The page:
So I took a WIP story that so far has received very positive feedback from readers here and on two other websites I participate to my live critique group today. I was a little nervous bringing it to this group because they really don't read much SFF, and the feedback was really mixed. The only published author in our group was pretty negative, and the guy who is always negative, was well, negative.
So I'm really at a loss, I was very confident about this piece until today, but I don't know if the problem is the story or the fact that I put it in front of people who don't read SFF. A negative critique doesn't usually sit with me for very long, but this one bugs me.
Anyone else have this kind of experience, where they got positive feedback from people familiar with SFF, but negative from those who are not?
Ignore the non SFF folks. There are genre conventions and expectations that are sometimes lost on others.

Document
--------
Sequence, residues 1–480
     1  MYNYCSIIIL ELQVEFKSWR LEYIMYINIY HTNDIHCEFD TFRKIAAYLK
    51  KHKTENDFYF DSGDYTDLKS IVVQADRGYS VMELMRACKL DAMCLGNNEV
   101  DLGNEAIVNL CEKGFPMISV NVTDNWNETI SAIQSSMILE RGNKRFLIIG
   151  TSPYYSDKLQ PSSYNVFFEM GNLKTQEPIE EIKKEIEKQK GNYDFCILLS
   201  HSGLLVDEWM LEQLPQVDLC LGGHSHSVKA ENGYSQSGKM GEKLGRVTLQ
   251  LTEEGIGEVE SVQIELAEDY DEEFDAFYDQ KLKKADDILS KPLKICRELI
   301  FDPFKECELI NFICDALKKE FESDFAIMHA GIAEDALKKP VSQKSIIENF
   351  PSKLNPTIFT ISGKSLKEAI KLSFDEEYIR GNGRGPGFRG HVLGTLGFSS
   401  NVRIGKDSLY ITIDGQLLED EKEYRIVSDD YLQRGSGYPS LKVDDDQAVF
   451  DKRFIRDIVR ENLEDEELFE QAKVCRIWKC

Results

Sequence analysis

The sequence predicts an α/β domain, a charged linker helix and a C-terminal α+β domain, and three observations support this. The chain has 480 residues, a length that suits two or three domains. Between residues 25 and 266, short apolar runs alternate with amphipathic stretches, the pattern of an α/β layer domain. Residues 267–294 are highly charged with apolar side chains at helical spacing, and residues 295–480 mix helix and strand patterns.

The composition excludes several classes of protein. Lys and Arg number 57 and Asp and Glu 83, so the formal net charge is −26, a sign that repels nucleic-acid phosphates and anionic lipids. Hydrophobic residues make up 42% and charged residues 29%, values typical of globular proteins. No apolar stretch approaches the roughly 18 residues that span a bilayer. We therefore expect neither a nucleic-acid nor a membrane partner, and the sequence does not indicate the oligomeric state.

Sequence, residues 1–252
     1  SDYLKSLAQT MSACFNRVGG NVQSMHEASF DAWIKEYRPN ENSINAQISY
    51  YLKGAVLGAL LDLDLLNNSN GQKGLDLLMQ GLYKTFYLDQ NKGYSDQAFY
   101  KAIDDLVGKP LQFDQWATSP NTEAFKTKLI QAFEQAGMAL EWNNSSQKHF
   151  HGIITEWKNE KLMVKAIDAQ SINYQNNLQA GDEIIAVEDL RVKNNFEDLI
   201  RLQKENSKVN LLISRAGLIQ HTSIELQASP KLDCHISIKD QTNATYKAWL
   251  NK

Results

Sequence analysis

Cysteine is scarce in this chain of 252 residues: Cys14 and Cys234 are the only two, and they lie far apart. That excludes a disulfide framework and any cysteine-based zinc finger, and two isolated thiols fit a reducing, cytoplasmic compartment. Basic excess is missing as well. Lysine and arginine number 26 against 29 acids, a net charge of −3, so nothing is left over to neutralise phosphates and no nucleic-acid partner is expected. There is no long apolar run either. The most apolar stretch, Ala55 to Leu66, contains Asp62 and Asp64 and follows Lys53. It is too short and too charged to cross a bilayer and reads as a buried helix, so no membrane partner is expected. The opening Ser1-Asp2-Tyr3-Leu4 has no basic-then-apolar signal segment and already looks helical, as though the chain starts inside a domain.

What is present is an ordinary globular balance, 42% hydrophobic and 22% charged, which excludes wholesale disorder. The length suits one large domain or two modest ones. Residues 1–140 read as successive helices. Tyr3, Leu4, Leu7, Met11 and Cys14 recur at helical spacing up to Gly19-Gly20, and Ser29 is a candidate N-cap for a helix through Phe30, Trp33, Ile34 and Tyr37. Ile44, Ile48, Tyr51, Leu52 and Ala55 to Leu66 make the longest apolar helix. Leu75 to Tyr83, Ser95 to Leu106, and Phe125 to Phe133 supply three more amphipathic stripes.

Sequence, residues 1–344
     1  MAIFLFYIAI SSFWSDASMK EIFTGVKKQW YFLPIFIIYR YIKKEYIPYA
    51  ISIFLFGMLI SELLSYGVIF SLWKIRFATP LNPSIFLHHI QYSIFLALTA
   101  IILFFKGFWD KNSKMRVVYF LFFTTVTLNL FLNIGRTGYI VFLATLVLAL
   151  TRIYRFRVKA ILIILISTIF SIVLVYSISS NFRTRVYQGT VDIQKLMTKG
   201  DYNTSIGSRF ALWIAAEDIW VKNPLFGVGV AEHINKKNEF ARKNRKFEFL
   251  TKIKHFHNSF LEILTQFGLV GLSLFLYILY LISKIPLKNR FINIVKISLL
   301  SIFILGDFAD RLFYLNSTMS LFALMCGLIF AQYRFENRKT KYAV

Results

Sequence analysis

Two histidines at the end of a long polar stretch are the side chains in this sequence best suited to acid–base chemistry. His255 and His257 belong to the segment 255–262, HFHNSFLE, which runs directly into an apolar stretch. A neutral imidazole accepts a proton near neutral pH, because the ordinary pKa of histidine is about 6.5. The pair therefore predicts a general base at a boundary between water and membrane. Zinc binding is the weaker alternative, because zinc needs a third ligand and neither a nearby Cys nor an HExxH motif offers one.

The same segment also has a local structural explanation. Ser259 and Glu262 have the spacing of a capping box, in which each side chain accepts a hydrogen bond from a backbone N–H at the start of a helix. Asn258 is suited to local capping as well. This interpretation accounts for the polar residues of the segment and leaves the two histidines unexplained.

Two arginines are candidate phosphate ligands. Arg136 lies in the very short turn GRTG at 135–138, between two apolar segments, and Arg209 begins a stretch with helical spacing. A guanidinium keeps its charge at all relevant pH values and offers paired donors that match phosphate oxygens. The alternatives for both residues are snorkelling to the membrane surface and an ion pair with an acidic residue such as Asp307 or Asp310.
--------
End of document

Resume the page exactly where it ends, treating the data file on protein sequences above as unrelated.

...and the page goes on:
Unless they gave you some really great points about grammar that you had previously been unaware of, there's no problem with putting aside some critiques and paying attention to others. Don't doubt yourself because of some critiques. Writer's groups are notorious for having a few bitter writers in them who think everyone else's writing is crap. I like my writer's group because we're a Writing Support Group - critiques are extra and only on request (we can read a piece and say we're looking for crits or looking just for people to enjoy it, our choice. People only bring in other writing to crit every few meetings.)
At any rate, my opinion is that there are definite genre conventions about SFF that people who don't read it don't get, and thus their feedback is off a bit. It's okay to ignore that kind of feedback, and feedback that just takes off in a different direction than you want to go with your story. Your story, you decide!
I took a story to a group of writers who didn't read SFF and asked for feedback. All they could say was that it seemed derivative of STAR WARS (which happened to be in the movie theaters at the time--so you can imagine how long ago this was).
They were correct that it was derivative, but it was a Darkover story (Marion Zimmer Bradley's world) that I had planned to submit to her for a Darkover anthology she was doing.
But all they knew was STAR WARS, so they were totally unable to give me any useful feedback at all.
Needless to say, I never bothered with that group again for anything related to SFF.